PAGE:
Belgrave Square, built between 1826 and 1837, represents the exact point at which the elegant and exacting architecture of the Adam brothers, Nash and Soane started to decline into Victorian showiness.
The architect George Basevi, Soane's pupil, created a superb composition of balanced terraces and mansions at the corners. But where Nash had allowed nothing to indicate that the palatial terraces of Regent's Park are actually individual houses, Basevi gives each house a porch which distracts the eye from the big picture. And Nash placed his terraces on private driveways, giving them a seclusion and perspective that Basevi's lack because they sit right on the street.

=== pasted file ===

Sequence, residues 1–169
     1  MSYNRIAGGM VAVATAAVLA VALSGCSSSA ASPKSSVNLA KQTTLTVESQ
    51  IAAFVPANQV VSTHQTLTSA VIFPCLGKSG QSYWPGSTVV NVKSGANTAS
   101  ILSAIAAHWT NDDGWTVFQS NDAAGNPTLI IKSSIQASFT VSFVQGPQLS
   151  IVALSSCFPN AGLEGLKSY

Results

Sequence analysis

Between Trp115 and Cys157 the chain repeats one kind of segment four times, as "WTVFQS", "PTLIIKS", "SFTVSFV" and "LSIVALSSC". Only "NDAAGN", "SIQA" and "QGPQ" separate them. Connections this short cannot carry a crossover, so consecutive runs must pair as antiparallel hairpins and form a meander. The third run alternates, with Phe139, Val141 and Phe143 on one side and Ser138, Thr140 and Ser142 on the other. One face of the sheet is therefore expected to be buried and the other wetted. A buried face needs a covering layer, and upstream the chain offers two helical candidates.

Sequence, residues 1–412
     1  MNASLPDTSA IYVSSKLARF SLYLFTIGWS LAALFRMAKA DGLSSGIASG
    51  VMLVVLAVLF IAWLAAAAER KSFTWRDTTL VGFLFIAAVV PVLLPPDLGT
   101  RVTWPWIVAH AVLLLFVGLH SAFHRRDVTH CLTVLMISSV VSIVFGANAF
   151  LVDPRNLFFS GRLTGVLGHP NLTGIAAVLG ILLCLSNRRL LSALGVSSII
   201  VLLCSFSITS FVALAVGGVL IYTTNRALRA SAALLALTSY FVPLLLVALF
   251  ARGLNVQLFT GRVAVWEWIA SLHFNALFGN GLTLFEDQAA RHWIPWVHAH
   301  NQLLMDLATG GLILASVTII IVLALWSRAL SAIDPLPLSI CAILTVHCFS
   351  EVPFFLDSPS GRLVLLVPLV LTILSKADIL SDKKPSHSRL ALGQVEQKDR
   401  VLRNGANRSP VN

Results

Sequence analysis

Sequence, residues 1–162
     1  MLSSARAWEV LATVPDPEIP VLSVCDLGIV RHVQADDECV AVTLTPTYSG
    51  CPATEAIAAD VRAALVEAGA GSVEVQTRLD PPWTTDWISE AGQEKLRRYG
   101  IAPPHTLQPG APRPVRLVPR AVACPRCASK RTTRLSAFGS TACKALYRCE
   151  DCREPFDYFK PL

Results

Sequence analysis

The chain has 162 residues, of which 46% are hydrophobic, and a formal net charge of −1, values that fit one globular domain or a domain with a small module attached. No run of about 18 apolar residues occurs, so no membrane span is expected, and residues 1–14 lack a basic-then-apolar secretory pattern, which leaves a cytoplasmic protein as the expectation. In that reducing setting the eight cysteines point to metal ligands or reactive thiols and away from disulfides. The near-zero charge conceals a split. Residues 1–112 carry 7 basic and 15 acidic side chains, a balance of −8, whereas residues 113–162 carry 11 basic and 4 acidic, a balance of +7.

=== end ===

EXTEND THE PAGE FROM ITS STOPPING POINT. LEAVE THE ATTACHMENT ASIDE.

But the most telling indication that standards are slipping is the sculpture. Compared with Regent's Park, these ladies are coarse and heavy, with hands like bunches of bananas. The arms of the putti on the balustrade look like salamis. Of course, they may have been repaired or restored, but even so.